Spoken Histories

If you listen to Radio 4 regularly you can’t have failed to have heard the trailers for The Listening Project.  The Listening Project is a partnership between BBC Radio 4, BBC local and national radio stations, and the British Library in which people are asked to share a conversation with a close friend or relative, to help to build a unique picture of our lives today. Some of these conversations will be broadcast across BBC radio and archived by the British Library, preserving them for future generations.

 If you have been lucky enough to catch one of the actual programmes (many of which are still available on iPlayer) you will have hear just how powerful oral testimony can be and how it can provide extraordinary insights into the everyday lives of individuals.

 Oral history has a unique ability to capture vital details and impressions that would otherwise be lost. This is why the Trust is collaborating with The Centre for Rural Economy (CRE) at Newcastle University and the British Library on Capturing Life in Practice. The project will conduct in-depth interviews to record and preserve accounts of veterinary practice within living memory, in the words of vets themselves. As with The Listening Project the recordings will be made permanently accessible at the British Library.

We also plan to use material from the recordings to invite young vets to reflect on issues that affect their work today, and to promote public understanding of the veterinary profession and its role in society.

If you are interested in finding out more, if there is someone whose story you want to bring to life, or if you can offer funding to support a specific interview, do get in touch we are waiting to hear from you!

Three Williams – all veterinary pioneers

Plaque to 19th century veterinary pioneers

Plaque celebrating 19th century veterinary pioneers

When  I walk past this plaque on the staircase in Belgravia House I often think about who we would include if we were to update it.

The RCVS annual report for 1924/25 records the plaque as being funded by an anonymous donor; however there are a series of letters in the Frederick Smith Collection which show that it was Smith himself who funded the memorial at a cost of £10.

He gave precise instructions as to the wording and how it should look, writing on 19 September 1924 that “the letters should be black and the plate should receive a thoroughly good golden lacquer which will prevent it tarnishing for years.”

On 22 February 1925 he asks that the text of the plaque be reproduced in The Veterinary Record so “that many men will hear of Moorcroft and Youatt before they die.”  He believed that “all know the name of Percivall”  though you could question if that really was the case as Percivall had died 70 years earlier.

Given Smith’s passion for the history of the profession it makes sense for him to want to renew interest in these pioneers of the 19th century.  I wonder if it worked?

As for 20th century veterinary pioneers, we might be too close to make a balanced judgement but my suggestion would be John McFadyean.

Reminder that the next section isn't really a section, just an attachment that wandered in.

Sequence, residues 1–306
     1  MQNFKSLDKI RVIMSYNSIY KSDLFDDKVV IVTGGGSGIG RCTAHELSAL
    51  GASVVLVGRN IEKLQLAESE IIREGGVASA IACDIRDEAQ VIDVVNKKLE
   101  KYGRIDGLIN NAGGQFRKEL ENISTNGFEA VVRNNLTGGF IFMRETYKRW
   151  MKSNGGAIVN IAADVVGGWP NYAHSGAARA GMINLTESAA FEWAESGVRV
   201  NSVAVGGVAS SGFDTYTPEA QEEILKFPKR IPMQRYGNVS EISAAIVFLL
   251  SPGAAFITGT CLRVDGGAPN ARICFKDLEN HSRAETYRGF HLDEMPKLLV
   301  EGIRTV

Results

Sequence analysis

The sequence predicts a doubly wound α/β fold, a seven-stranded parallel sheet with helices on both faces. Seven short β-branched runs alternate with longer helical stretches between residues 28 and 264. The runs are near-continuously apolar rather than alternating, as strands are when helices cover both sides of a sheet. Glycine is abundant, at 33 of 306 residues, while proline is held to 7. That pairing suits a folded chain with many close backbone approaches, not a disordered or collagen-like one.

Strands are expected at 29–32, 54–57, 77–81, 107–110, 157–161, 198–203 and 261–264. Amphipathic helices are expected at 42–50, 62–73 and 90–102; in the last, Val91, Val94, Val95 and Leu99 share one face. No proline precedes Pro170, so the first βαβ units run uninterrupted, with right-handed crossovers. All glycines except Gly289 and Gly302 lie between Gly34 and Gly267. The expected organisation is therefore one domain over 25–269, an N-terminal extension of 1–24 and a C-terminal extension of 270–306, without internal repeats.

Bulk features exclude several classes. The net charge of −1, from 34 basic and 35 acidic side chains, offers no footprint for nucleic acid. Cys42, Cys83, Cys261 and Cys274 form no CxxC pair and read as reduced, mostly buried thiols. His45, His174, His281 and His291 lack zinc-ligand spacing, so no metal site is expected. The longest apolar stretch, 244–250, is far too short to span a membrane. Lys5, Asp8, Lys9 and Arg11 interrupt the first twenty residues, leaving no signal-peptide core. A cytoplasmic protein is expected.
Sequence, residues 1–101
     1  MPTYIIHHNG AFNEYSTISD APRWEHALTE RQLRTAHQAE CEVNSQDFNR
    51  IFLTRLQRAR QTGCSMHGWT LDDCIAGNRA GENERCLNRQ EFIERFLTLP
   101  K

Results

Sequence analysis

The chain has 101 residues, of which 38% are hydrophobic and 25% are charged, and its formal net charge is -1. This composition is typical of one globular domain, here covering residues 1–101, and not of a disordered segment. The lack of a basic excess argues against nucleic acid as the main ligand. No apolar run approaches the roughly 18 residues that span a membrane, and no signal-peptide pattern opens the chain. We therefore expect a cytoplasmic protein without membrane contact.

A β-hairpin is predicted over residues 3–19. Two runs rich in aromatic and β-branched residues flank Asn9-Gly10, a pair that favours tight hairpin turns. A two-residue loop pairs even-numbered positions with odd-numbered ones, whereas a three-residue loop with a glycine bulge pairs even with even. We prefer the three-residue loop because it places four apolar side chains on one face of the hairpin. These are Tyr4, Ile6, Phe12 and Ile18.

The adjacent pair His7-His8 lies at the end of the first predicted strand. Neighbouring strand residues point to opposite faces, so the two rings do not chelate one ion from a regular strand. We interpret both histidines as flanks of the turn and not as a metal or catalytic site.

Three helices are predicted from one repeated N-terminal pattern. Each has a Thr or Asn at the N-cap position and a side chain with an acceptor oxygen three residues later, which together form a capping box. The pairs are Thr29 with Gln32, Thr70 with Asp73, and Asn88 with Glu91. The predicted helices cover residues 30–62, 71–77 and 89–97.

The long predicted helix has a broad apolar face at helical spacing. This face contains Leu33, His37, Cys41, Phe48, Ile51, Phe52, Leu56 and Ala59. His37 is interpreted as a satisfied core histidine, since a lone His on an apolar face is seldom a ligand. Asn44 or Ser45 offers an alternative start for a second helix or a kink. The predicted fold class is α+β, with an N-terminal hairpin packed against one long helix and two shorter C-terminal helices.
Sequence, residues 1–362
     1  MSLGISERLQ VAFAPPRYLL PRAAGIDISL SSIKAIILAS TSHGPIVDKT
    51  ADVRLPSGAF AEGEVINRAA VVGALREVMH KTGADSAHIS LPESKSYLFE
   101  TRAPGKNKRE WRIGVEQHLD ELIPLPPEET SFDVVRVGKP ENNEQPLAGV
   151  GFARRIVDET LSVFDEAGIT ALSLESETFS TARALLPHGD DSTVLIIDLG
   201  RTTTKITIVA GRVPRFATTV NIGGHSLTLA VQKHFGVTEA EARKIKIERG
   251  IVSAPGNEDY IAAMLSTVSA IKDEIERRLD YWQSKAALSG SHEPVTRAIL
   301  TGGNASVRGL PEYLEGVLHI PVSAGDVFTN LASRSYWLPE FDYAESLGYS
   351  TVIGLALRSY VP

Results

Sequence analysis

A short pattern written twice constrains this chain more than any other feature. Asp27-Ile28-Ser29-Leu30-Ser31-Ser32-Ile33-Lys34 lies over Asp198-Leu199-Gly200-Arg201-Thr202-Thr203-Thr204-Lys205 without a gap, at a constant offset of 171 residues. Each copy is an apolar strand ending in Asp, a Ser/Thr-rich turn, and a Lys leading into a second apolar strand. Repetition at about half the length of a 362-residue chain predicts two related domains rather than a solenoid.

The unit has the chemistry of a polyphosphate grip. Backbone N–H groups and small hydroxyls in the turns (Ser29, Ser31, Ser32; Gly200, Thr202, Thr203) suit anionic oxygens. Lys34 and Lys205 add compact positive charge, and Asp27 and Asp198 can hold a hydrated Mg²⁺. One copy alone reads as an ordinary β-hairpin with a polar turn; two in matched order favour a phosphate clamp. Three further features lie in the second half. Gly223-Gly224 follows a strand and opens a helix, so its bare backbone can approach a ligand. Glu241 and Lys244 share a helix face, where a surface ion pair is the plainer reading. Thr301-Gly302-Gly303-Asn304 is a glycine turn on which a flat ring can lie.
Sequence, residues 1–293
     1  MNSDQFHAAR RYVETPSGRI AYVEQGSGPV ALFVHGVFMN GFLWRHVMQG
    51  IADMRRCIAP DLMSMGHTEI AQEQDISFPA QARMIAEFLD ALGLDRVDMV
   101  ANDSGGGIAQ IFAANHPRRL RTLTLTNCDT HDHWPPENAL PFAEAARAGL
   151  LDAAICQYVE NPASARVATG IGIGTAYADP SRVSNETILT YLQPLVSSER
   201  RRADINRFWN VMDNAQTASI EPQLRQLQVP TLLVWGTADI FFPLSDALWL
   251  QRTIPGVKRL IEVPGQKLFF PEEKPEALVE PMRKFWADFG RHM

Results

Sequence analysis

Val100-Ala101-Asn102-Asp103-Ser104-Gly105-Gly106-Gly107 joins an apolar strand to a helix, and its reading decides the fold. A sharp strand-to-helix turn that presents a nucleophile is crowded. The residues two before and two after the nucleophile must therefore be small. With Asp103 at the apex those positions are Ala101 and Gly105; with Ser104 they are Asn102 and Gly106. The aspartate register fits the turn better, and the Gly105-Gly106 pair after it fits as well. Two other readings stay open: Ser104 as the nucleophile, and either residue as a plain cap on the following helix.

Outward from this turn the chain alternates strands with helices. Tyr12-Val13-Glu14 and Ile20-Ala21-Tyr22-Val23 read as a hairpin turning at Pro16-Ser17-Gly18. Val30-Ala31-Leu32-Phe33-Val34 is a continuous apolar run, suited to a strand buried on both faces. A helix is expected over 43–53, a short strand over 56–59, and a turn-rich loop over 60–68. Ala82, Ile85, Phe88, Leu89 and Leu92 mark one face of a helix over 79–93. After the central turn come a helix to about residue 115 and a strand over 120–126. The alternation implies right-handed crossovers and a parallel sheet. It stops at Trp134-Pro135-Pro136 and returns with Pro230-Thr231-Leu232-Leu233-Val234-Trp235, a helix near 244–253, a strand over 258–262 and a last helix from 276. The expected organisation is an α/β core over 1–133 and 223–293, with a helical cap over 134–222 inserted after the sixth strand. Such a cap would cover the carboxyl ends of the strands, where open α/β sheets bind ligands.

Who would yours be?

A Sporting Nation – Great British Horsemanship

Love them or loathe them the Olympic Games have arrived.  Britain’s oldest royal park, Greenwich Park, will host the Equestrian(and modern Pentathlon) events.   The picturesque venue dates back to 1433 and is the former hunting ground of the rich and athletic.  King Henry VIII introduced deer to the park in 1515, and considering himself an accomplished athlete, engaged in stag hunting and horse racing on the grounds.

Horsemanship and its related activities feature prominently in our Historical collection, so we couldn’t resist pulling out some information on the affluent country gentleman’s favourite pastime.

Livestock, in health and disease by J. Prince-Sheldon (1903?) recommends gymnastics and drill as a warm up for children learning horsemanship.  Horse riding was thought to have a number of health benefits and was often prescribed to patients whose damaged health was brought about by ‘insolence and excesses of the table, or by sedentary pursuits – intellectual or financial’.   Prince-Sheldon also cautions his readers to ‘never begin to fight with a horse unless you have breath and strength enough to win’. Sound advice.

What of female equine enthusiasts? A ‘Mrs Hayes’ instructs women on riding side-saddle in her book The Horsewoman (1893).  To ride a horse one need ‘good hands, strong seat, firm nerves, even temper and physical strength’.   Mrs Hayes recognised that perhaps the women of the day lacked the last attribute, physical strength, but were a man’s equal in ‘touch, patience and courage’.  Mrs Hayes endeavoured to match the type of horse to a woman’s figure:

‘A young lady with a slight pretty figure will look best on a horse which is all blood and quality; though a portly and dignified matron will be best suite with one of the weight carrying hunter stamp ’.

Terai hat and Norfolk jacket

Terai hat and Norfolk jacket

The subject of ‘Riding Dress’ is addressed even before instructions on riding.  The question of what a woman should wear when out riding was an important consideration – one on which Mrs. Hayes had strong views.  A lady may have wished to wear the latest fashions when riding but her only aim would have been to attract attention to herself and in doing so  ‘she will neither look, nor, in many cases, will she prove to be a horsewoman’.  The author believes that a veil has no place on a horsewoman as it ‘confers no possible benefit on its wearer, if her sole object is to ride and not to show off’.

The modern horsewoman is lucky not to be subject to quite as much sartorial scrutiny and we look forward to seeing Great Britain compete in the dressage events at the weekend.